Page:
IE 11 is not supported. For an optimal experience visit our site on another browser.

Scalia answered, but 'I don't feel persuaded'

Updated at 11:18pm ET:

Updated at 11:18pm ET:

Princeton University student Duncan Hosie joined The Last Word in an exclusive interview on Tuesday to discuss his tense interaction with Supreme Court Justice Antonin Scalia on homosexuality.

"I think there's a fundamental difference between arguing that the Constitution doesn't protect gay rights and [saying that] the Constitution justifies that we need to use this language when talking about gay rights," he told msnbc's Alex Wagner. "That was the point of my question. I wanted to confront Justice Scalia" to talk about his controversial "rhetoric," which compared homosexuality to bestiality and murder.

While the justice was "polite" and "respectful" towards him, Hosie said Scalia's "views are increasingly becoming out of the mainstream." Hosie received a round of applause from the auditorium and a "positive reaction" from people on campus and across the country after questioning the justice--although he noted a generational divide, saying that the older people in the audience had applauded Justice Scalia's reply.

The Princeton freshman argued that conservatives, who consider marriage the bedrock of society, should be supportive of adults who want to form committed, longterm bonds.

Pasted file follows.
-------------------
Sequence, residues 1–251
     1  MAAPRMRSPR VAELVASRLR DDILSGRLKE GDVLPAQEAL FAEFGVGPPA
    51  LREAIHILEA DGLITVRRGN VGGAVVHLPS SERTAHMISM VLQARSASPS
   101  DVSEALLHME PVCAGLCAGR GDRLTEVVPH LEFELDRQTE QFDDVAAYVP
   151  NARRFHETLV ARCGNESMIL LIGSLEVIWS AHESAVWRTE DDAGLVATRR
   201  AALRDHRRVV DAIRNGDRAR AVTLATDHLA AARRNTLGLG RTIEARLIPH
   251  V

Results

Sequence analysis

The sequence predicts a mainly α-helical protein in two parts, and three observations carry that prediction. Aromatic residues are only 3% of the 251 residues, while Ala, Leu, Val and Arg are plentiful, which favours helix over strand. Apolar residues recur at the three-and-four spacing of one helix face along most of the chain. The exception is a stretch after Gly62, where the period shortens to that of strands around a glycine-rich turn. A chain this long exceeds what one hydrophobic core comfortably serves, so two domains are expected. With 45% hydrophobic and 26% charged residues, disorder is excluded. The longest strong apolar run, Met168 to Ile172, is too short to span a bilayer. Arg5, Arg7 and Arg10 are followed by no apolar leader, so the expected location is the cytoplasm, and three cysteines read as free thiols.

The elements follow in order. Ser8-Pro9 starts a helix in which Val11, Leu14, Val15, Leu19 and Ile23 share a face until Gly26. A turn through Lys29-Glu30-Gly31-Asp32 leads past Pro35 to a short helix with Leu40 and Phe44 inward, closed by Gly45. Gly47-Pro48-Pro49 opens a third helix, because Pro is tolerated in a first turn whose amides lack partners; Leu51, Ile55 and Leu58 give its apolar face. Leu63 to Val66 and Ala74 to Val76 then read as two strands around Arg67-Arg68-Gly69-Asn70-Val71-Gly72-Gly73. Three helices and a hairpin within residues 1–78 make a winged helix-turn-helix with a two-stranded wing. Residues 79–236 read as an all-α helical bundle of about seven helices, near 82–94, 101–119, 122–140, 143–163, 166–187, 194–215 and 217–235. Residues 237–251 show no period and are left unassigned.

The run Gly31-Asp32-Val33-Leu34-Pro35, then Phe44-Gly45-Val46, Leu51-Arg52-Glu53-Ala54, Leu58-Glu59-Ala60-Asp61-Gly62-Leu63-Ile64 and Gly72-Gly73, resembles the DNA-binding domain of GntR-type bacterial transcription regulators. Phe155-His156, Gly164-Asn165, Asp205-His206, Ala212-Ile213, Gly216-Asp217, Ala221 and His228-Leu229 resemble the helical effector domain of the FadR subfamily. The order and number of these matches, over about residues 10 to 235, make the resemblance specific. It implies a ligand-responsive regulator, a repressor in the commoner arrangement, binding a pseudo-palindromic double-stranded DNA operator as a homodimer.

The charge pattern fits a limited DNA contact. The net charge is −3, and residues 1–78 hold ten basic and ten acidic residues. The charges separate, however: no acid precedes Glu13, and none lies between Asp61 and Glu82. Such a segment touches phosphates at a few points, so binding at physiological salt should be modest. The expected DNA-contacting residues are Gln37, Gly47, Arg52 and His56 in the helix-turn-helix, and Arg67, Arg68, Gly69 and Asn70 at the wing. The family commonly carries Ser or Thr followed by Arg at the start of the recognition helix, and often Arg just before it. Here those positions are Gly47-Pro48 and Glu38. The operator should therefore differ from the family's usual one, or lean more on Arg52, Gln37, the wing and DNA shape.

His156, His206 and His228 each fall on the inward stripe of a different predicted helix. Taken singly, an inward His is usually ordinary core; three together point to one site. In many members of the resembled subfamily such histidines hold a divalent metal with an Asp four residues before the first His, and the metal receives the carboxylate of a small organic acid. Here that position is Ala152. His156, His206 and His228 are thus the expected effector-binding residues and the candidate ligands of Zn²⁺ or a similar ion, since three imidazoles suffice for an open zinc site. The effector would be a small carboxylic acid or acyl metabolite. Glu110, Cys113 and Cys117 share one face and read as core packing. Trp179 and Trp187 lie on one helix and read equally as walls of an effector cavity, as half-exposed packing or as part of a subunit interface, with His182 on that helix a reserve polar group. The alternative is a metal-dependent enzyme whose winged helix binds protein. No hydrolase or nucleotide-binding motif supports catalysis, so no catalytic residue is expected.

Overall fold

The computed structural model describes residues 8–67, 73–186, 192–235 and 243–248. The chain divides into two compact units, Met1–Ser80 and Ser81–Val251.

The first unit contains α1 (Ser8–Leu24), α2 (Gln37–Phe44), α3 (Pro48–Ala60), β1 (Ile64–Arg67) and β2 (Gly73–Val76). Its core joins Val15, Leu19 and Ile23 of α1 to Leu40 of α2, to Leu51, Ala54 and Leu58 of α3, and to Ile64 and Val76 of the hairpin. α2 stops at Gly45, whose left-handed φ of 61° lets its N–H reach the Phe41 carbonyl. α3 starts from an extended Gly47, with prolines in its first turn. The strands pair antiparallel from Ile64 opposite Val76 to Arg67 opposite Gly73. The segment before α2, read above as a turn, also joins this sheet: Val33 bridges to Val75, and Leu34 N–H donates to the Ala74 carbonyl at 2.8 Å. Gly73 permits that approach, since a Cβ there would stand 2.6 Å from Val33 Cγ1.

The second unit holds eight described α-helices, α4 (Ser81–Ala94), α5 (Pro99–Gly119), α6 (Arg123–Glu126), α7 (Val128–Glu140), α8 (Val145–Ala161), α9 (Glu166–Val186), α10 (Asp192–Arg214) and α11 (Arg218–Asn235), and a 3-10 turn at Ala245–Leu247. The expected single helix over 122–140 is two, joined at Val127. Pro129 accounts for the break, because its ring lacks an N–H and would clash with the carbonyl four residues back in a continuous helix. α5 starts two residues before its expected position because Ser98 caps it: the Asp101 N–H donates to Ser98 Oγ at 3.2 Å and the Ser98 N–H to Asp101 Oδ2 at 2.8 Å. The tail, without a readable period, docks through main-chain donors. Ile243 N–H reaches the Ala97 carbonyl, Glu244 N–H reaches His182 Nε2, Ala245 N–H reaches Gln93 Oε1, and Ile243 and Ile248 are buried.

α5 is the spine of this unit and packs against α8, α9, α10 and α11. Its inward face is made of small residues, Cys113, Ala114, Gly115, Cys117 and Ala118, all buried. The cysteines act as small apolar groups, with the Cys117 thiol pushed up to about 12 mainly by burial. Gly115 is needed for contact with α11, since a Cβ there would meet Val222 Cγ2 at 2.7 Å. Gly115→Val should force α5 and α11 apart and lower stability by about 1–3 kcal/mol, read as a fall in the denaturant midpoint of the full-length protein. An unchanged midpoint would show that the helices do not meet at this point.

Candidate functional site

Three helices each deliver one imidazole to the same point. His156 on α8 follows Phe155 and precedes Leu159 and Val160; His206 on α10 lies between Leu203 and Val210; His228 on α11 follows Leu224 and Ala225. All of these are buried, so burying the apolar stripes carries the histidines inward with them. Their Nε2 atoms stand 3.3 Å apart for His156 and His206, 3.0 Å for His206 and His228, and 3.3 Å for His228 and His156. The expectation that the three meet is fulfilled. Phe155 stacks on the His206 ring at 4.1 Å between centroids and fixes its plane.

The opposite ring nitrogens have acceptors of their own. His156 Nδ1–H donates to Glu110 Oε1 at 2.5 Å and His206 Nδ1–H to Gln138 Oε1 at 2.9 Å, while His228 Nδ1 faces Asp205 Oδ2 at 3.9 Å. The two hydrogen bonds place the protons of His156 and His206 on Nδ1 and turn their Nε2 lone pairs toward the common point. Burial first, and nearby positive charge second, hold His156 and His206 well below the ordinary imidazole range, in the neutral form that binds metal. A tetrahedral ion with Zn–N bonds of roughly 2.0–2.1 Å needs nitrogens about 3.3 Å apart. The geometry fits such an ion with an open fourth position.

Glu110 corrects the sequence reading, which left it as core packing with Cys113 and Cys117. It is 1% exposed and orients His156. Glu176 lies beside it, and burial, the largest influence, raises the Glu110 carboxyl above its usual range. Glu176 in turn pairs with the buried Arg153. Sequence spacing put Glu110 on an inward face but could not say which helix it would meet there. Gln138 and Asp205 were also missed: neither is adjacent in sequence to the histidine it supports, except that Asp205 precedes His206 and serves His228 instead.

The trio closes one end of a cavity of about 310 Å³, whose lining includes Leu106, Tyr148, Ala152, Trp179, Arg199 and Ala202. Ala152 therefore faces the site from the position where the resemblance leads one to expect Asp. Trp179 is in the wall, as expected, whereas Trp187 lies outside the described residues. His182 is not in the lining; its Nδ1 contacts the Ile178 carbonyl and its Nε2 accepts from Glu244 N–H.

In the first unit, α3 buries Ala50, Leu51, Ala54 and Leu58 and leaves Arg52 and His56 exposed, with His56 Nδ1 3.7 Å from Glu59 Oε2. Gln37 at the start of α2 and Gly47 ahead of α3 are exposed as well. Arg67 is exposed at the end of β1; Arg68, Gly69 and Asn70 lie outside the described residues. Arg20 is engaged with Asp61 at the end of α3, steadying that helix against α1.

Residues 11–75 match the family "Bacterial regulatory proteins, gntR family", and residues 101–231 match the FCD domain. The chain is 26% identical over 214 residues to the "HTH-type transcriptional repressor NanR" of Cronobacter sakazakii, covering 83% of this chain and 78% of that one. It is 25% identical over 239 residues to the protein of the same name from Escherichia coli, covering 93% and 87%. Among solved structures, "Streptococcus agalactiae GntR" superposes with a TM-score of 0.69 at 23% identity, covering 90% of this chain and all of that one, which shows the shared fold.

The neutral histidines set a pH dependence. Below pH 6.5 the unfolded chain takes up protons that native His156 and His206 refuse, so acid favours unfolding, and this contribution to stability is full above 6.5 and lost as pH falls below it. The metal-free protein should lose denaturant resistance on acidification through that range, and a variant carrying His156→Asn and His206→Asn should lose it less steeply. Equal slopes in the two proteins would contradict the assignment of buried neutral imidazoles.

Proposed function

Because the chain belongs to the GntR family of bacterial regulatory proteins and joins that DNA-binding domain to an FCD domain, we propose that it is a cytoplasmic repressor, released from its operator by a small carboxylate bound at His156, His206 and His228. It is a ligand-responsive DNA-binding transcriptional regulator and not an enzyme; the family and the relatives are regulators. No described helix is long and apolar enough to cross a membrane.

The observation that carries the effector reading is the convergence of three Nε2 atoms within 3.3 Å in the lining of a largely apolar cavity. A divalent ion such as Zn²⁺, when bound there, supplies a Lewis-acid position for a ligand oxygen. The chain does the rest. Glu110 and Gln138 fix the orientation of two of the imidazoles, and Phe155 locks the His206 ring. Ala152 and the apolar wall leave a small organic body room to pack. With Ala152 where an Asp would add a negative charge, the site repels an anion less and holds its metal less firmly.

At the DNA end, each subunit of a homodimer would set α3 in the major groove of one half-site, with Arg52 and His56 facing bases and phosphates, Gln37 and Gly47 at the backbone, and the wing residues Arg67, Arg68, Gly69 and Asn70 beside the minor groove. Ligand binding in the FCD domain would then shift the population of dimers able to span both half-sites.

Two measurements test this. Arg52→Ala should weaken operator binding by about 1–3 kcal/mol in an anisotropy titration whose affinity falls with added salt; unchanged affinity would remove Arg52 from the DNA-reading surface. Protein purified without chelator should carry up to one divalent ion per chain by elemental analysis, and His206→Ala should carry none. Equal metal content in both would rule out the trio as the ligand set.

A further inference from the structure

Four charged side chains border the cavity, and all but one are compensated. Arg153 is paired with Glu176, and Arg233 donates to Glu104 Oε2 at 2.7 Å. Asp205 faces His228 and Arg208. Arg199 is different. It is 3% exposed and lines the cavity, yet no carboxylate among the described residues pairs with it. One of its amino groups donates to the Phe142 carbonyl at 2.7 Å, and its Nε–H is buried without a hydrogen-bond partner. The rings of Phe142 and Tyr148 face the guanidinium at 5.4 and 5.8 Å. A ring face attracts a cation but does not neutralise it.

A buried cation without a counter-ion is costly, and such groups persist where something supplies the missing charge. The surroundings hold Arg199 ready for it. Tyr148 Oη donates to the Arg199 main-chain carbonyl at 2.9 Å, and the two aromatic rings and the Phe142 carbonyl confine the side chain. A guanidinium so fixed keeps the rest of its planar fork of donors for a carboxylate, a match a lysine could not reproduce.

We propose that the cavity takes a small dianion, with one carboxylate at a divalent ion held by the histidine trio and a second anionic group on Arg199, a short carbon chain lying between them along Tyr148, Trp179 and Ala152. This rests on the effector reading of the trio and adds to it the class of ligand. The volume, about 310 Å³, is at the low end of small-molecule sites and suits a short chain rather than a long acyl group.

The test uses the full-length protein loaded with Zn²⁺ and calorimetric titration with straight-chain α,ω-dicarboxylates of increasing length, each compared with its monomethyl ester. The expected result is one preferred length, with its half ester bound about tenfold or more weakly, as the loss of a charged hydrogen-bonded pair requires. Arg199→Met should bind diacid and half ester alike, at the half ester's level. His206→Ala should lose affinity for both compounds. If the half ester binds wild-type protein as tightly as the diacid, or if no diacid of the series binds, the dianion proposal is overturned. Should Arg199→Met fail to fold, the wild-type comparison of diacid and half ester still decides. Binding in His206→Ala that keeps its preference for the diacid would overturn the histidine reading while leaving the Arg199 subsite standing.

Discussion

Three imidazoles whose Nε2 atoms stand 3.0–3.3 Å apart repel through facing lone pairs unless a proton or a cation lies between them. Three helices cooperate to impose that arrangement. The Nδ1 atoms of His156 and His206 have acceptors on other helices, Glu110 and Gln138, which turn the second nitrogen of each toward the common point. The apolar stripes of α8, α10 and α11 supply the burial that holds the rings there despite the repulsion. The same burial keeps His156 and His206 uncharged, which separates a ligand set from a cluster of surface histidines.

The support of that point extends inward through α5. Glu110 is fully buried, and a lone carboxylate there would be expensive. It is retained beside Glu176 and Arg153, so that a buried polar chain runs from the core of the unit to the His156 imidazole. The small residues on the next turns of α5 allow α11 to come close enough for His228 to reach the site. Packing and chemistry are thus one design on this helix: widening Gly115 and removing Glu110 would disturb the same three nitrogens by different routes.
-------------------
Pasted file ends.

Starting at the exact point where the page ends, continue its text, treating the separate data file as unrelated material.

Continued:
During the show, Georgetown University law professor Jonathan Turley warned that Scalia is on a "slippery slope" intellectually, "if you allow the majority to criminalize what they declare is immoral."

Speaking to earlier, Hosie offered some advice for the Supreme Court Justice. “If you’re trying to make an argument against gay marriage, it doesn’t make sense to alienate so many people—even some conservatives.”

At an event at Princeton Monday night, Hosie, who is gay, asked Scalia about previous legal writings in which the Justice equated laws banning sodomy with those against bestiality and murder. Scalia responded:  “If we cannot have moral feelings against homosexuality, can we have it against murder? Can we have it against other things?”

After saying he was not equating sodomy with murder but rather drawing a parallel between the bans on both, Scalia deadpanned to Hosie: “I’m surprised you aren’t persuaded.”

“I still don’t feel persuaded,” Hosie told “It’s fine for a Supreme Court Justice to oppose gay rights, but I don’t think it’s okay for a Supreme Court Justice to compare gay sex to bestiality or murder.”

Hosie said that while he disagreed with Scalia’s answer, he wasn't offended by the Justice’s tone. “I asked him a biting question, and he gave me a biting response. I think it’s just his personality,” the San Francisco native said.

In his question to the Justice, Hosie extensively quoted Scalia’s dissenting opinions from Supreme Court cases on sodomy. He wanted to use Scalia’s exact words, he said, to show how isolating the language is to the gay community.

Hosie called the Supreme Court’s Friday decision to hear its first same-sex marriage cases extremely important, especially for gay teenagers struggling to accept their homosexuality. “I didn’t have a particular struggle coming out—I have a very supportive family—but there was an internal struggle,” he said.

Watch the video of Hosie's conversation with Alex Wagner.

(Photo by Katherine Elgin/The Daily Princetonian)